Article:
In a country where voting is compulsory in federal elections, this could be one to watch. Blockchain enabling a stronger democracy through a voting platform? Unless you’re a dictator of one party state, this is a good thing. Could voting by an app on the way to work with instant results be within our grasp? That’s the kind of access and transparency that is definitely 21st Century.

Example 3: Health, e.g. records. A case of always ‘on’ records wherever you go.

Today, if you physically relocate out of an area, your health records don’t go with you, aside from your GP records if you’re on the ball. So, say one day you turned up in A&E 300 miles from where you lived and were unwell enough to not be able to give various (and new) health professionals prodding and probing you your medical history in a moment of real need?

In today’s scenario, medical professionals would have to track down your GP records, even other previous hospital records perhaps from other tiers of medical access that they don’t have immediate rights to, or know about – that takes time, access, you - or they - may not have.

A service based on blockchain thinking would offset this issue to the end benefit of the patient. If all records were decentralised, encrypted and shared with invited and moderated providers (aka the network), those who needed it could access your relevant history to help any decisions; especially useful if you were incapacitated. Sounds familiar? Recent IT and NHS history aside, the principle of blockchain offers a route (back) in to this idea. As one of the advantages of blockchain is of course being ‘borderless’, the benefits are obvious. No region to region limitations. No tier to tier constraints, in theory at least.

Of course, there may well be other examples out there, especially around wider ecommerce and transport applications, but the three above go some way at least in demonstrating the breadth of potential use.

Not all plain sailing

So, it all looks fabulous, right? Well, not as such. I’d be churlish in writing this article to ignore some of the issues I found in my digging that suggests blockchain needs to address before going mainstream in our transactional lives. There are certainly challenges to work through, too, if blockchain is to become a standard consideration in designing experiences, particularly around the context of data inputs, exchanges and follow up journeys.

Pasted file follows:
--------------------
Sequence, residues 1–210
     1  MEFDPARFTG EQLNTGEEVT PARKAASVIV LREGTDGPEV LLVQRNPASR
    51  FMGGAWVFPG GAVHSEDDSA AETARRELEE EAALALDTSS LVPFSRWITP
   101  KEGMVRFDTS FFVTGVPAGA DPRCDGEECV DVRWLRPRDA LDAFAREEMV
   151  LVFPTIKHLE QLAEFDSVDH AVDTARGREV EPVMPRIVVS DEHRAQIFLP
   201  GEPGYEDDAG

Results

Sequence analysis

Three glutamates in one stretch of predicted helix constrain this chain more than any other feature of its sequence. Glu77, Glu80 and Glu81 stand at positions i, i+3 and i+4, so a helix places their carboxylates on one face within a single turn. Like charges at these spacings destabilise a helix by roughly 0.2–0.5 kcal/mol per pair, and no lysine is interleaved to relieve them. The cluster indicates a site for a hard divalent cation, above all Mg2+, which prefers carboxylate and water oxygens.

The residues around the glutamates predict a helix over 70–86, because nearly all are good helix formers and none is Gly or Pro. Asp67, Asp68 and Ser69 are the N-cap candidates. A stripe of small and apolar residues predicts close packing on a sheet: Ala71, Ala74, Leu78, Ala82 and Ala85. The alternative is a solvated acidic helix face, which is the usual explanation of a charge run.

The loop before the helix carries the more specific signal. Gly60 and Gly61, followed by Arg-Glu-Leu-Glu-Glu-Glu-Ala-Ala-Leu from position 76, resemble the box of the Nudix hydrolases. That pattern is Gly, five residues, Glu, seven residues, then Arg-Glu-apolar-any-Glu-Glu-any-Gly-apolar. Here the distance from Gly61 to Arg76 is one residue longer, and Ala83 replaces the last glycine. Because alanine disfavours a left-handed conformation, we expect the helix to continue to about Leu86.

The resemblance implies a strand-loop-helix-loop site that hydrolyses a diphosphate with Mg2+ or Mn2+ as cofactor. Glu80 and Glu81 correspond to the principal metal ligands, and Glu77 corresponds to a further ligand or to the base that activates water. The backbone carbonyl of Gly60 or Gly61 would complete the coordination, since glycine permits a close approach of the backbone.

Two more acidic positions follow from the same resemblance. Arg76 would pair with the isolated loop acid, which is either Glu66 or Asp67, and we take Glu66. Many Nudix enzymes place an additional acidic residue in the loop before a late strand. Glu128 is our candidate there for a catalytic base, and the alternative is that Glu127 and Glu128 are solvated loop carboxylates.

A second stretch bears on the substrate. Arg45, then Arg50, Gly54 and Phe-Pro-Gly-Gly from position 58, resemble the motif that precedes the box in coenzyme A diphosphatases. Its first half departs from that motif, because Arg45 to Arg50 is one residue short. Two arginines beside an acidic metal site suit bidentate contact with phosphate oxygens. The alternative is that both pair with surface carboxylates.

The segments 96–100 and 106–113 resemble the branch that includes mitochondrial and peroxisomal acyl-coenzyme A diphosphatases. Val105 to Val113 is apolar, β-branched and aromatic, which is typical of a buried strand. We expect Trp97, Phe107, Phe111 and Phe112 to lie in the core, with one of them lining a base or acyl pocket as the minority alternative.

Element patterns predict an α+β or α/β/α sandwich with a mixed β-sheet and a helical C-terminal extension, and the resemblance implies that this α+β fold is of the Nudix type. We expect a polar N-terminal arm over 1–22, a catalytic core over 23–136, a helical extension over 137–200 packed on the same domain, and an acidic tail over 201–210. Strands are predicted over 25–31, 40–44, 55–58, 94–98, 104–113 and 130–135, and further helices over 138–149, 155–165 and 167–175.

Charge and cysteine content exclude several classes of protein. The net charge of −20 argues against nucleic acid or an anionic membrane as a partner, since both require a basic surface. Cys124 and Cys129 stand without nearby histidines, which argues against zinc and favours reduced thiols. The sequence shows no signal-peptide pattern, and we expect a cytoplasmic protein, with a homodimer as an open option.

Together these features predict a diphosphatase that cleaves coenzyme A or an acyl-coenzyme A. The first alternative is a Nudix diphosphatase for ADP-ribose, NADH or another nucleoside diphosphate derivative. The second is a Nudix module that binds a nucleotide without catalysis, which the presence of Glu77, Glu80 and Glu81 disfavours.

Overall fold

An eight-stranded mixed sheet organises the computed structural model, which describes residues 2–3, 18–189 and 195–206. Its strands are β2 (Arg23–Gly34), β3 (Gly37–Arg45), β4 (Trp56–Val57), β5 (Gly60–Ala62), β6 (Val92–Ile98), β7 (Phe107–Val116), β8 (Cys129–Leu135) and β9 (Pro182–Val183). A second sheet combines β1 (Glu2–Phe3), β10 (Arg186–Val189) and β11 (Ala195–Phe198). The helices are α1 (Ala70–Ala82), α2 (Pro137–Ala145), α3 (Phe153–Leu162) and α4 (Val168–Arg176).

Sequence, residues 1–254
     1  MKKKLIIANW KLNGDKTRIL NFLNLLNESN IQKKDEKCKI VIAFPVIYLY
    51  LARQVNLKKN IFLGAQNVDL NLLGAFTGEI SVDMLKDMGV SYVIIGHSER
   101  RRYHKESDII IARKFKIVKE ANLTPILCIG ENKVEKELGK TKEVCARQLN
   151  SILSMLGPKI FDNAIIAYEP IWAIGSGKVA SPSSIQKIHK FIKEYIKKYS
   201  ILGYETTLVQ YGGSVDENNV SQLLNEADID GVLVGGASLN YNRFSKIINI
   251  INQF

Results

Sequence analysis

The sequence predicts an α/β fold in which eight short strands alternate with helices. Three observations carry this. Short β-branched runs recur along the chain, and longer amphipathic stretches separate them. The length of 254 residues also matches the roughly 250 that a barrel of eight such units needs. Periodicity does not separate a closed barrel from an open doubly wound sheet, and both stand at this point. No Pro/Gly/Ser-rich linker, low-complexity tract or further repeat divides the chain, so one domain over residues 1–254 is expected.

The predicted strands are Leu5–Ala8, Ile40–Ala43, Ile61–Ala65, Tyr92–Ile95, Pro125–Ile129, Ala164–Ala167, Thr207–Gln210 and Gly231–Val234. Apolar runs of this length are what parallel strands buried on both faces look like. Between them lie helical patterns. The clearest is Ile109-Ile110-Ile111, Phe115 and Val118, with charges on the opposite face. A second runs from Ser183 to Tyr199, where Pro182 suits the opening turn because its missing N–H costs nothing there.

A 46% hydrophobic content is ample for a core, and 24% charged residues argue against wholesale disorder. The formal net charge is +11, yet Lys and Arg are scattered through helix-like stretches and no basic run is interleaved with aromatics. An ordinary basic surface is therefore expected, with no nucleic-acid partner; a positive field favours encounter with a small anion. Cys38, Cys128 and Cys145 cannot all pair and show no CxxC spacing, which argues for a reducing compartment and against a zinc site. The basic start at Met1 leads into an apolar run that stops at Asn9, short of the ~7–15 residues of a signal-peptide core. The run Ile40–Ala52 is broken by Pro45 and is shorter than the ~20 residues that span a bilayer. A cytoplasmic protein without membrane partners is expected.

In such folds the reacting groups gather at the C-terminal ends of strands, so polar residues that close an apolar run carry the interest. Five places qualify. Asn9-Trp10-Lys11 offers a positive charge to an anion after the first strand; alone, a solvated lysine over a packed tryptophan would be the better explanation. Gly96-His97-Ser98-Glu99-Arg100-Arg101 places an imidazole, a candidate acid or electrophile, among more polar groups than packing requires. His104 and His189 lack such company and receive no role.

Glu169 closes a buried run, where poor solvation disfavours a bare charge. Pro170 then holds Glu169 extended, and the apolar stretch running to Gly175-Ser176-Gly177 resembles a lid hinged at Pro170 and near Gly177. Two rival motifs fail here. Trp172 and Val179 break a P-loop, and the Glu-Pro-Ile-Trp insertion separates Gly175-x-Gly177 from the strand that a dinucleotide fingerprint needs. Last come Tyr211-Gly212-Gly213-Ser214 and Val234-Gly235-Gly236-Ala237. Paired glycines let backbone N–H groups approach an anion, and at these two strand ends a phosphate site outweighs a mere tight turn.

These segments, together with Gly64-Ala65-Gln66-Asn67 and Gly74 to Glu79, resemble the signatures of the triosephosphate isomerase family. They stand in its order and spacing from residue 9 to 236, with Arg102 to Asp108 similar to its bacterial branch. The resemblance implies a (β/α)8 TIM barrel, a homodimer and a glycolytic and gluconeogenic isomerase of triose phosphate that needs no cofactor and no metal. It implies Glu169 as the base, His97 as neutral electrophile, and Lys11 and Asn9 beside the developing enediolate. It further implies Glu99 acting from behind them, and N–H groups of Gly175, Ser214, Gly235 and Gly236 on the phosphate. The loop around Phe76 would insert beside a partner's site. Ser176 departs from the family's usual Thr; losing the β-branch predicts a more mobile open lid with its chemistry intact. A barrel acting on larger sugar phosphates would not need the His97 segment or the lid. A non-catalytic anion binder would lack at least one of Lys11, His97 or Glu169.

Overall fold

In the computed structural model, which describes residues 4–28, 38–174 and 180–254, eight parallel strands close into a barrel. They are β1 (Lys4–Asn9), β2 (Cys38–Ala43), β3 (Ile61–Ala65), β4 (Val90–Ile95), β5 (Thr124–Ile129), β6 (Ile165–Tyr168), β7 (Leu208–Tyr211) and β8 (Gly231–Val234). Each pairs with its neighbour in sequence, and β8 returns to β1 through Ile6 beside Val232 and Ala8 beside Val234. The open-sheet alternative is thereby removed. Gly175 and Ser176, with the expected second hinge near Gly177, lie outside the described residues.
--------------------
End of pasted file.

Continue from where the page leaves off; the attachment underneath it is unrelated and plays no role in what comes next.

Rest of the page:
Cyber security concerns exist over large networks and converting processes into blockchain would literally take megawatts of energy due to the processing power required. It would also cost a lot of money and the processes would need to be integrated into broader strategies and interactions. Also, being a ‘without borders’ concept, it would struggle to go mainstream as some say it might, without some form of regulation. Completely trustless? I am not so sure.

One to watch

As a takeaway, I believe we’re seeing the beginnings of an underlying technology but without the mass market interface resolved, quite yet. It’s a proven technology with potentially wide reaching – positive – implications and so I believe that the wider integration of blockchain is an obvious development to watch.

The potential impact on individuals’ overall end experience from a service using blockchain may be hard to quantify right now. However, some big players in large volume transactional services, such as those in Financial Services and at Government level, are getting involved – just Google around and see for yourselves ;-).

Definitely expect it to be in the detail of technical conversations in the next few years. The broad technical architecture may be proven and with its ‘for the masses’ ethos, how it transcends through to the front-end for users en-masse may be all to play for.

I hope that this look at what remains a lesser known subject goes some way to helping the debate sound a little more user centred, a little less scary perhaps. If you’ve got a view on blockchain and what it might offer, please get in touch.